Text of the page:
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What we're all hoping for on Oscar night is a surprise-- anything but Slumdog winning in major categories, for example, or someone falling flat on their face on the way to the stage. But fact of the matter is we know what to expect not only with who wins, but what they'll say when they get up there. It's been a long, long awards season up to this point, and the likely winners have given enough speeches for us to get a good sense of their style. So below, with the aid of YouTube, I lay out what to expect from the top six acceptance speeches on Sunday-- and which speech may turn out to be a complete wild card.

Best Picture: Slumdog Millionaire
Slumdog has been winning boatloads of awards all season, of course, and usually on hand to pick up the Best Picture statue is producer Christian Colson, who is pretty much everything we hate in an Oscar speech-- reserved, intelligent, coherent, and coolly British. So that's why we need to hope that we get really lucky, and Anil Kapoor accepts the award instead. You might have seen him beaming in the background when Danny Boyle accepted the Best Director award at the Globes, or onstage at the SAG Awards, accepting the trophy "on behalf of the children." He's just dynamic and nutty enough to give us a real Benigni-- an enthusiastic, wildly accented speech. It's the only possibility for a surprise at that point in the night, and the only thing that could make me actively root for Slumdog's victory.

Best Director: Danny Boyle
Danny Boyle is far more likely than any other director to be giving a speech on Sunday, and lucky for us, he may also be the most fun one to watch. Ron Howard's already a winner, and David Fincher and Gus van Sant don't really seem the types to be overcome with emotion. Stephen Daldry would be a fun winner to see if only because even he's not expecting it, but Boyle will probably give us the acceptance speech goods, based on what we've seen thus far this awards season. I especially love the BAFTA speech, in which he starts by thanking the people who fixed the wiring in his dad's house so he could watch the ceremony. But then the end of the Golden Globes speech is touching, when he starts breaking down in tears when thanking his family.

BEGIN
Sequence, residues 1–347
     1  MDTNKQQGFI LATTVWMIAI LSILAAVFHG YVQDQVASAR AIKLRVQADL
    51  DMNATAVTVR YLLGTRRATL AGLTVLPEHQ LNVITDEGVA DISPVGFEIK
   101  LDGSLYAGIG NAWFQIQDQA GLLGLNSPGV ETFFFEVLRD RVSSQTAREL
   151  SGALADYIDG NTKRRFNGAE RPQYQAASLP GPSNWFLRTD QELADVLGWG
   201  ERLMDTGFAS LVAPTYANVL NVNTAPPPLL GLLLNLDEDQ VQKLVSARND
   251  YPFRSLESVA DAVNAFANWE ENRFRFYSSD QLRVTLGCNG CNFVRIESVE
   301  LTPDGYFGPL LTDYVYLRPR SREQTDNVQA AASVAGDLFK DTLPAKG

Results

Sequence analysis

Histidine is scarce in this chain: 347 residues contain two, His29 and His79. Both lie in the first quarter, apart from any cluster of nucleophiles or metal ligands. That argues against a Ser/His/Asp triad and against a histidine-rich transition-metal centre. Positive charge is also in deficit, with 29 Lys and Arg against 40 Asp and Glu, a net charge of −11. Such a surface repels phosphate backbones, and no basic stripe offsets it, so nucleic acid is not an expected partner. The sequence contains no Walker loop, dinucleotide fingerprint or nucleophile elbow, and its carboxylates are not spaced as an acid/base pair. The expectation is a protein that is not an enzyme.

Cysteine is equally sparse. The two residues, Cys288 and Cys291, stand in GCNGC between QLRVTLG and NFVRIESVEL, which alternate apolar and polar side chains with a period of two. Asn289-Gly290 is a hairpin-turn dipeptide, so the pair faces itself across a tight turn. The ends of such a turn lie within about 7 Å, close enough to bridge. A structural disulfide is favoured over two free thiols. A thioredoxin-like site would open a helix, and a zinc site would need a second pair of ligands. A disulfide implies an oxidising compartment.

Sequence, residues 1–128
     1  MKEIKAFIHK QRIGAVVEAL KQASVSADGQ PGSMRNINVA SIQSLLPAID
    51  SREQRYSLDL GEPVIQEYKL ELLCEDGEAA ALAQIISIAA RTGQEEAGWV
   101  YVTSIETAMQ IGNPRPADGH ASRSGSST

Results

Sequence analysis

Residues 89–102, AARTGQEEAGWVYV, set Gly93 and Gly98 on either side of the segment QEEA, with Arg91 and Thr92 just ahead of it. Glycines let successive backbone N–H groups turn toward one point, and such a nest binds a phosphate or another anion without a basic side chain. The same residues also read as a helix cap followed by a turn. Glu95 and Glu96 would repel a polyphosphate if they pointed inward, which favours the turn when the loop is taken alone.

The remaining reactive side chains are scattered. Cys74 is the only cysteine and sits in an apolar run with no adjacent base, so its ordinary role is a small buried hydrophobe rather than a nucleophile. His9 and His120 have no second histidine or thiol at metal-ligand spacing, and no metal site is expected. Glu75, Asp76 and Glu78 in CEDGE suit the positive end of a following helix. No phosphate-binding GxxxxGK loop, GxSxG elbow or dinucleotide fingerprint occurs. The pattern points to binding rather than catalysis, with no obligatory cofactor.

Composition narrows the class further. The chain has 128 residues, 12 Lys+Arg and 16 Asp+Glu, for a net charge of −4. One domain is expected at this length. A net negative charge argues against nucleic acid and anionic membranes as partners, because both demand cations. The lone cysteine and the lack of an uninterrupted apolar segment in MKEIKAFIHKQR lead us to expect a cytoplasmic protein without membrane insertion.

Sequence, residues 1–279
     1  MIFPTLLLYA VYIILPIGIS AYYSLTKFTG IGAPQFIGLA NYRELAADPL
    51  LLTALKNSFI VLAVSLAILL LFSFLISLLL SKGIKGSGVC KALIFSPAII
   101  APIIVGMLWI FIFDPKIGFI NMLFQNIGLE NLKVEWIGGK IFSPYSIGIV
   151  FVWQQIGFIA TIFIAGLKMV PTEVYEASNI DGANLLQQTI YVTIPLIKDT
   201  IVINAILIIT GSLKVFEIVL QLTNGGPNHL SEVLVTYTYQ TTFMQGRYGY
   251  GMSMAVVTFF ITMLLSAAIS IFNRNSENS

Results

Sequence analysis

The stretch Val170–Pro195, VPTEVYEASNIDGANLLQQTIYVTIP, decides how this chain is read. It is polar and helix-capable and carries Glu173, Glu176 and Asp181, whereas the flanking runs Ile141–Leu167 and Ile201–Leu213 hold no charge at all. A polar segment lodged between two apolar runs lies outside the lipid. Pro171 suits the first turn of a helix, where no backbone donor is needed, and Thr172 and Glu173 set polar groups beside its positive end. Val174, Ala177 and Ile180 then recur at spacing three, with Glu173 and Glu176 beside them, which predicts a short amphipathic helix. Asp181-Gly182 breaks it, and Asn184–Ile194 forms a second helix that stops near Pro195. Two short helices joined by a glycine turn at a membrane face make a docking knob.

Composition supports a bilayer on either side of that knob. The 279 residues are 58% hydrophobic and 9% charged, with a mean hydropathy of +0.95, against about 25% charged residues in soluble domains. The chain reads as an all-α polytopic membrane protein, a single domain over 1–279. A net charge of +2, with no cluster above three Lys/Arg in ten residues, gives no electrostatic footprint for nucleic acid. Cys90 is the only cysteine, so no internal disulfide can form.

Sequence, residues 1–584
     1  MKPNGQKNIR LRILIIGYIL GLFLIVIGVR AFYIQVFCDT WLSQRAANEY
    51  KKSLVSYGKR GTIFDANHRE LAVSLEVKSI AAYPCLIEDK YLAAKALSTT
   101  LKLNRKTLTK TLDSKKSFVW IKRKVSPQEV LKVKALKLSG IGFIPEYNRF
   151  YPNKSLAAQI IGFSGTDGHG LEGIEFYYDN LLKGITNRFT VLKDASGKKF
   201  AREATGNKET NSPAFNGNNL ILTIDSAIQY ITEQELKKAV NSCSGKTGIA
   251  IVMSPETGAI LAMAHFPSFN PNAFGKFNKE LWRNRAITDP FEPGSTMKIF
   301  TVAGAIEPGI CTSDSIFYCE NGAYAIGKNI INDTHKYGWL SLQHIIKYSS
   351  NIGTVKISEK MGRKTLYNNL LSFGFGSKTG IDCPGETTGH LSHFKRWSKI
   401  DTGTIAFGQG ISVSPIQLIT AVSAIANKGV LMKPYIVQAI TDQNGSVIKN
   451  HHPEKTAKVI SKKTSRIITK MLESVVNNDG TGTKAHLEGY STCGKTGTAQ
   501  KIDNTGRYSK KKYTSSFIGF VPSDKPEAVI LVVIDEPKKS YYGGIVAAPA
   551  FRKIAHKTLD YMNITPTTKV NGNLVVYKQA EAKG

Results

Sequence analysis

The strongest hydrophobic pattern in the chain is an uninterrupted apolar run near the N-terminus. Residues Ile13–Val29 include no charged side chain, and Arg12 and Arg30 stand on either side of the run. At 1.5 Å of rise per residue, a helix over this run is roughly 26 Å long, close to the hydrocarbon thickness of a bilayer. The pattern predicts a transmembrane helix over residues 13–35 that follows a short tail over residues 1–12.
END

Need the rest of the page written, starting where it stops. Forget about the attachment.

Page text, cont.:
My bet is that Boyle will be even more overwhelmed when he wins the Oscar, and while he won't forget anyone's name or jump all over the stage like Cuba Gooding, Jr., his speech will be one to be emotionally invested in. Check out this video below from the BAFTAs, add a few more tears, and that's pretty much what to expect.

Best Actress: Kate Winslet
We've spent what seems like months talking about Winslet's awards speeches, how they're too emotional and scattered, or not emotional enough, or whatever other stupid complaint. But the fact is the woman had never won so much as a Golden Globe before this year, and it's her turn, and she gets to make a speech as long and as rambling as she wants. We're also forgetting that the really flustered speech she gave, when she forgot Angelina Jolie, was for Revolutionary Road-- and frankly, we were all pretty shocked when she doubled up on awards that night. So when Winslet accepts her trophy for The Reader, it'll probably look more like the speech below-- visibly overwhelmed, but with a long list of names to dutifully thank, and a big smile of gratitude. Of course, if she bursts out sobbing on the stage, no one is allowed to complain. Y'hear??